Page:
South Florida Hospital News
Sunday September 20, 2020

test 2

June 2017 - Volume 13 - Issue 12

Be Prepared: Lessons Learned From Hurricane Andrew

It’s been 25 years since Hurricane Andrew’s 165-mph winds pummeled and broke apart Homestead Hospital, just 30 miles south of Miami.

The night of terror, the grueling aftermath and the long road to rebuilding as the hospital’s president gave me first-hand experience in preparing for the next natural disaster. The onset of this year’s hurricane season is sufficient reason that all medical centers in Florida should plan for such an emergency.
If that isn’t enough of an incentive, a new federal rule will go into effect in November that requires hospitals participating in Medicare and Medicaid to have an emergency preparedness plan in place – or else their certification will be in jeopardy.
And yet on a personal level, nothing could have prepared Homestead Hospital’s medical staff and administrators in 1992 for what they would experience with Hurricane Andrew.
Most Homestead Hospital employees owned homes in the booming South Dade bedroom community served by the 100-bed hospital. It was three-quarters full that day, but by nightfall, it overflowed with 400 patients seeking shelter, including pregnant women. We did not evacuate because the storm was predicted to hit farther north. The 52-year-old building was stocked with food and water and equipped with emergency generators to ride out the storm’s fringes.
The hurricane arrived point-blank with a force I hope never to see again in my lifetime. It shook the building and smashed windows, spewing rain and glass shards. Staff moved patients on makeshift gurneys made of bedsheets into hallways away from flying water and debris.
The next morning when calm weather returned, we unchained the hospital doors. I still get emotional when remembering the storm’s destruction all around us. Two-thirds of the hospital staff lost their homes that day. Half my home blew away. Nearby Homestead Air Force Base was wiped out.
Our community couldn’t handle such a monster storm. Throughout Miami-Dade County, fallen trees and power lines blocked roads. Ten people died. Millions of residents were without power. Fresh water ran out. Looting began. The county had to call in the National Guard.
Even so, our staff came to work, despite losing everything. Over the next days, and without much sleep, they treated their neighbors and strangers alike. More than four times the usual patients arrived with broken bones, severe gashes and other injuries. Then our staff began to leave. For good. They had nothing to keep them in our broken community. Our hospital, which endured $5 million in damages, began to struggle. Patients were unable to pay and state reimbursements were short in coming.
Homestead Hospital went from a thriving, profitable hospital into financial ruin, losing more than $15 million during the recovery. Three years later Baptist Health South Florida acquired it in a merger.
After much planning, the new Homestead Hospital opened in 2007. Its structure was designed to resist category 5 storms for uninterrupted care to patients. The windows are impact resistant. The first floor is raised to withstand a storm surge. Two diesel generators and two tanks holding 45,000 gallons of diesel gas can keep the hospital running on schedule for seven days.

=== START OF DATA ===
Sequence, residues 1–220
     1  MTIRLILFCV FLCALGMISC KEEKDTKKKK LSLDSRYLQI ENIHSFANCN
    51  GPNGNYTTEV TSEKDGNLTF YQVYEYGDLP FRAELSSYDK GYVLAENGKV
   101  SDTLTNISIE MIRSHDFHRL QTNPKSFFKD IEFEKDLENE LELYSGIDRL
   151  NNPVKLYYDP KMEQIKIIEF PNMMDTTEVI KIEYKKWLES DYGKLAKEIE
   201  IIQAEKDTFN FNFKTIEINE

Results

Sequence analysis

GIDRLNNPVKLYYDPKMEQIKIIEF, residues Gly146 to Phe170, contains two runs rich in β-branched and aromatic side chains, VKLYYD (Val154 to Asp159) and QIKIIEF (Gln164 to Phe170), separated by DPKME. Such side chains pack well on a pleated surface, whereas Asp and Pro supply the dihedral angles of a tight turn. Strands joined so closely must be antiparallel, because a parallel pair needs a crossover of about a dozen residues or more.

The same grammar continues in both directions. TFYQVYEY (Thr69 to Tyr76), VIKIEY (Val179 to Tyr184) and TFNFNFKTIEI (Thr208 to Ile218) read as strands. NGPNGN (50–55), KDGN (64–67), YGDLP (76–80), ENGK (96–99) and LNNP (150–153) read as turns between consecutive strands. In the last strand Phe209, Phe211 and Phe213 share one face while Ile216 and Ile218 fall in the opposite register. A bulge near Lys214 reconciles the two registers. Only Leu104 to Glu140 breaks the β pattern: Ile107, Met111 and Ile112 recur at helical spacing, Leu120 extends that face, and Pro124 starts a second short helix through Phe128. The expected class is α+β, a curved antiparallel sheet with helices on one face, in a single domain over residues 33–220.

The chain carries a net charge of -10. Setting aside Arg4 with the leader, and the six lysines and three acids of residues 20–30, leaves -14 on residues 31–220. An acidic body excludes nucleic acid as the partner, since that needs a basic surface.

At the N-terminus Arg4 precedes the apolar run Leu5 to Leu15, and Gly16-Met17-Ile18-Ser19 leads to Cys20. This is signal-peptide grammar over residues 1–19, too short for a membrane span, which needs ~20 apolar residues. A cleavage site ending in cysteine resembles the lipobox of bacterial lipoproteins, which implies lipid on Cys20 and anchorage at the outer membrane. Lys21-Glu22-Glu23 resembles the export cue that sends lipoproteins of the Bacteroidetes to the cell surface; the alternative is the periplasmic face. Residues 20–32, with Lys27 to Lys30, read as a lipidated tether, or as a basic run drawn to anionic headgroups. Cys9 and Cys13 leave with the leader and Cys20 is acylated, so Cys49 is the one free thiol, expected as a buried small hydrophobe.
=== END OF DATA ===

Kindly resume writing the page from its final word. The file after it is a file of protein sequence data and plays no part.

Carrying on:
The Department of Emergency Preparedness at Baptist Health was initiated to help coordinate readiness among our seven hospitals and more than 30 outpatient centers. It organizes rigorous drills and training. This includes sending teams of nurses and physicians to the Caribbean to provide disaster relief to island communities for real-time training under adverse conditions. Our emergency plan goes beyond storms to include the outbreak of virulent diseases and man-made disasters, such as bioterrorism.
It’s true that the darkest times can often bring us to the brightest places. But it’s always best to be prepared to ride the storm.
Lessons learned: you can never be prepared enough for the challenges. But here are the basics:
Set up a centralized emergency department to improve efficiency at a time when it’s needed most. It improves communication and ensures everyone receives the same information.
Gain your staff’s loyalty by letting them know how much you value them and their expertise. Their dedication to your organization will make the difference in whether your hospital can weather the storm. Provide expectations before, during and after the emergency so they can prepare personally and professionally. Staff members should plan to remain at the hospital for at least four days.
Seek out hospitals at least 75 miles away for assistance during and after natural disasters. Know where you will evacuate patients if your building isn’t hurricane proof. Coordinate with your community’s disaster response departments. Retain suppliers and distributors to deliver emergency supplies.
Train and plan year-round to expect the worst. Make provisions to provide shelter to those seeking it, such as pregnant women and dialysis patients. Stockpile a week’s worth of hospital supplies, food, water and emergency fuel for generators. Fully staff trauma centers and emergency departments. Set up hotlines to activate before the storm to convey information about your facility to the public. Understand that should the storm hit, your lives and community will never be the same.

Wayne Brackin is Executive Vice President and Chief Operating Officer, Baptist Health South Florida. For more information, visit

Share |